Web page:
As I’ve mentioned in a previous post, this is the time of the year when security folks like to share their predictions on what may happen next year. Here is a prediction that intrigued me. It comes from Benjamin Caudill, CEO and principal consultant at Rhino Security Labs, who predicted that in 2015, we’re going to want better cybersecurity laws. To quote from his email:
There’s likely going to be a lot of pressure on lawmakers to address the cybersecurity situation from a legislative standpoint. At the moment, breach notification requirements and information security regulatory standards are patchy, antiquated, and fall short of what’s needed. There’s a need for laws that make sure that breached companies inform victims in a prompt and helpful manner, and an even more urgent requirement for laws which set minimum information security standards and guidelines. Expect to see information security issues come to the fore in courtrooms and senates around the world.
As many of you know, I’ve been a proponent of cybersecurity legislation for a long time. The stakes are getting higher when it comes to cybercrime, and the time has come for legislative bodies both on a state and federal level to recognize that citizens and businesses need better protection and more universal breach reporting regulations.
Perhaps Caudill is on to something. It isn’t 2015 yet, but as the Congressional session winds down, we’re seeing some action on Capitol Hill regarding cybersecurity. GovInfoSecurity reported on the latest about NIST’s role in cybersecurity:
On Dec. 11, nearly six years after proposing the legislation, both houses of Congress passed on voice votes the Cybersecurity Enhancement Act of 2014. That bill, expected to be signed by President Obama, would formalize cybersecurity as one of the National Institute of Standards and Technology’s priority areas of focus. . . . [T]he bill would direct NIST to continue to facilitate industry-driven processes for developing voluntary cybersecurity standards for critical infrastructure as it did when it created the cybersecurity framework.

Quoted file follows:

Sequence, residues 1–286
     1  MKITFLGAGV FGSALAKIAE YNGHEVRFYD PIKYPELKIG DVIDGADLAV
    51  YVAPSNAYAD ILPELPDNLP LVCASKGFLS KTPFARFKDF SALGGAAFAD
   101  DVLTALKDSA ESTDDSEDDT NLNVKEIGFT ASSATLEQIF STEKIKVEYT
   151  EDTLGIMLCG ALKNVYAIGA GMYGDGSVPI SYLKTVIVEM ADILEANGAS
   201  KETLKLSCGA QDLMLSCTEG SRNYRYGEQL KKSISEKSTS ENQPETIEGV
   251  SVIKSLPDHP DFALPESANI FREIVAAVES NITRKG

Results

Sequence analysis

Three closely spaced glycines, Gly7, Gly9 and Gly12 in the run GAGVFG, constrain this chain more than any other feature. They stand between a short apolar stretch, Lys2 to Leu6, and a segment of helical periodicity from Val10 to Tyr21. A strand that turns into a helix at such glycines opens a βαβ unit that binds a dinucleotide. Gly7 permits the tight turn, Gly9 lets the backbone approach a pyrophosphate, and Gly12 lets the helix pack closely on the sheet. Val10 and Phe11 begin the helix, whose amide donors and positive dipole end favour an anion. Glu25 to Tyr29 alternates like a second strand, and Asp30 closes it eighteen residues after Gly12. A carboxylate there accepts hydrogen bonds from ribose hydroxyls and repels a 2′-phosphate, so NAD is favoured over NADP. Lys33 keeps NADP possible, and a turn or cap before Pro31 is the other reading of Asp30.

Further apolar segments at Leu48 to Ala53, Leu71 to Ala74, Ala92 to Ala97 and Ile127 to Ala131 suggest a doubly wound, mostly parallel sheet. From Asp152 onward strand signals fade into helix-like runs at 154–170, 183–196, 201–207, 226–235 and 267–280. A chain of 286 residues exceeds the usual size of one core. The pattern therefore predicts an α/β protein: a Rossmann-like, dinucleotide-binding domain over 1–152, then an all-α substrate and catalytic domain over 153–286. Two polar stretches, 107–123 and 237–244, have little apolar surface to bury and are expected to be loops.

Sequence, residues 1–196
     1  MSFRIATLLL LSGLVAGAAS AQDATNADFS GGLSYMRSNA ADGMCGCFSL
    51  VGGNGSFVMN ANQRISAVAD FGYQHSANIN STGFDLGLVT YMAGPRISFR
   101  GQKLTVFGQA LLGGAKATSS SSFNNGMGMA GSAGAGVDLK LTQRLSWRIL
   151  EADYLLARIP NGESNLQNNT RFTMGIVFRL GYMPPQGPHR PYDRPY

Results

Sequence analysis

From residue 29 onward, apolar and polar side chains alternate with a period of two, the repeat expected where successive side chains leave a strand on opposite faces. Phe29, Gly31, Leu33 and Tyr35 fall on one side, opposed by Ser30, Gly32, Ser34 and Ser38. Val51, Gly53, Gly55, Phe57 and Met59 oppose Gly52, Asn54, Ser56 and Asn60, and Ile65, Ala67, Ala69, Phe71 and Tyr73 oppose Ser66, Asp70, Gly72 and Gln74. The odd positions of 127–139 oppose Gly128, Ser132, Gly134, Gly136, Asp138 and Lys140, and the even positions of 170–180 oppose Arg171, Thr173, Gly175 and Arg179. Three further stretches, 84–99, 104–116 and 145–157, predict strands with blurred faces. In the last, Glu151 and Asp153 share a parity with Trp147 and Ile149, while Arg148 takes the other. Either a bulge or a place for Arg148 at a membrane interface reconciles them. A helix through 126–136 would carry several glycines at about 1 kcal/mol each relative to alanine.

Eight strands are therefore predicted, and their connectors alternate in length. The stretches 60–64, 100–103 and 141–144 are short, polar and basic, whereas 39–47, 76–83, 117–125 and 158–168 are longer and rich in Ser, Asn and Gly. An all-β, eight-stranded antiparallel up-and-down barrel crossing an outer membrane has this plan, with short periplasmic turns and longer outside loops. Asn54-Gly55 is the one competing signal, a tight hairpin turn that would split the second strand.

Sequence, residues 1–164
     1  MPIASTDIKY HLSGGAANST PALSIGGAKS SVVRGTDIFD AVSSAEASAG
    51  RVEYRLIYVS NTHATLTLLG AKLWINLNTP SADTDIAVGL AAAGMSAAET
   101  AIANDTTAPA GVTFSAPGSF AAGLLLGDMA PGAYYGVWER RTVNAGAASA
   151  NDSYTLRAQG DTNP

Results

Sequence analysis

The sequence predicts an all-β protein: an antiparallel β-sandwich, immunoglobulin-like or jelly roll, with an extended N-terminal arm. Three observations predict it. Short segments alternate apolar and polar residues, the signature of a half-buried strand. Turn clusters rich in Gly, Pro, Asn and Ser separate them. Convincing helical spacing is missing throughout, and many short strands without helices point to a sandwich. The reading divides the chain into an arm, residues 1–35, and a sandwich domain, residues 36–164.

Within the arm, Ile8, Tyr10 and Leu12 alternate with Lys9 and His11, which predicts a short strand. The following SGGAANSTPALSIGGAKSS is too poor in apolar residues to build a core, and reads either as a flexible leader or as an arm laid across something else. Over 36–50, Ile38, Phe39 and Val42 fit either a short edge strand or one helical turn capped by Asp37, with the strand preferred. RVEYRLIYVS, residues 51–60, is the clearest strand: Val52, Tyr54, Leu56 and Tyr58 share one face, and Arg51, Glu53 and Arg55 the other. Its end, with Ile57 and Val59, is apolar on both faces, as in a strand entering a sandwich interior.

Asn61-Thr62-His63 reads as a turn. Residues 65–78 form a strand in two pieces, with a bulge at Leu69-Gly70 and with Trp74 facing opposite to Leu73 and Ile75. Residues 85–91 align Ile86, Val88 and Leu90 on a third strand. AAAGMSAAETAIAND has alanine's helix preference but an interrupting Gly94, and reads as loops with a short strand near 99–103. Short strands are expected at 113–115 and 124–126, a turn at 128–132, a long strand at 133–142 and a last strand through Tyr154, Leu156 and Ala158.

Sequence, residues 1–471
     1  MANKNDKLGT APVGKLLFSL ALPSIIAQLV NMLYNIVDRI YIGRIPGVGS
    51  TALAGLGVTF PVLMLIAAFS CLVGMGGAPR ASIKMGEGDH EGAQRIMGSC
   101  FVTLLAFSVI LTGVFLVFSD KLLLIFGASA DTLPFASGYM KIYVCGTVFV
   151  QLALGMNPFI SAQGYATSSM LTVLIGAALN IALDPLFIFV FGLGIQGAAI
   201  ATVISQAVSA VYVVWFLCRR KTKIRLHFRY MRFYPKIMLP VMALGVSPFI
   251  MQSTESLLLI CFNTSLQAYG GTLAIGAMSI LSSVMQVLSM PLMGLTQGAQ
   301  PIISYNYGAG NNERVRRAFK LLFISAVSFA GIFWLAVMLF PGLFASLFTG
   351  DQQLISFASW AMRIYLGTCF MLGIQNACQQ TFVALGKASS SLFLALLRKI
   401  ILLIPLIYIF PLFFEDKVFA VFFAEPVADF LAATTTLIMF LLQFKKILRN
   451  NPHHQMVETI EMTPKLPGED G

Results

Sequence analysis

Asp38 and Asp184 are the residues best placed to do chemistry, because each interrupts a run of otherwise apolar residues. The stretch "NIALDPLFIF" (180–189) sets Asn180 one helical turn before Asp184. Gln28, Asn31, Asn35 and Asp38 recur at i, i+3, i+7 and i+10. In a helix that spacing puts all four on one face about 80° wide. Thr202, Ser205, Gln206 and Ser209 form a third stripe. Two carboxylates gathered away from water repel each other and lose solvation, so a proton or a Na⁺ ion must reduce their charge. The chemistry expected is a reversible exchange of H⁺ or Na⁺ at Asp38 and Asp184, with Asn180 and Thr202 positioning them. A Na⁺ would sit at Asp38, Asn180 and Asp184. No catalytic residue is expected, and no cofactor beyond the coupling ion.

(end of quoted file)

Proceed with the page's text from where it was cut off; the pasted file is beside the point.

It’s not perfect, but it’s a start. I think Caudill’s point that there is a greater need for better information about data breaches is one that Congress needs to take up sooner rather than later, especially in light of all of the retail breaches we’ve seen in 2014. But if this bill gets government and industry to work together to discuss cybersecurity concerns, we’re moving in the right direction. Let’s hope this is a prediction that comes true.
Sue Marquette Poremba has been writing about network security since 2008. In addition to her coverage of security issues for IT Business Edge, her security articles have been published at various sites such as Forbes, Midsize Insider and Tom’s Guide. You can reach Sue via Twitter: @sueporemba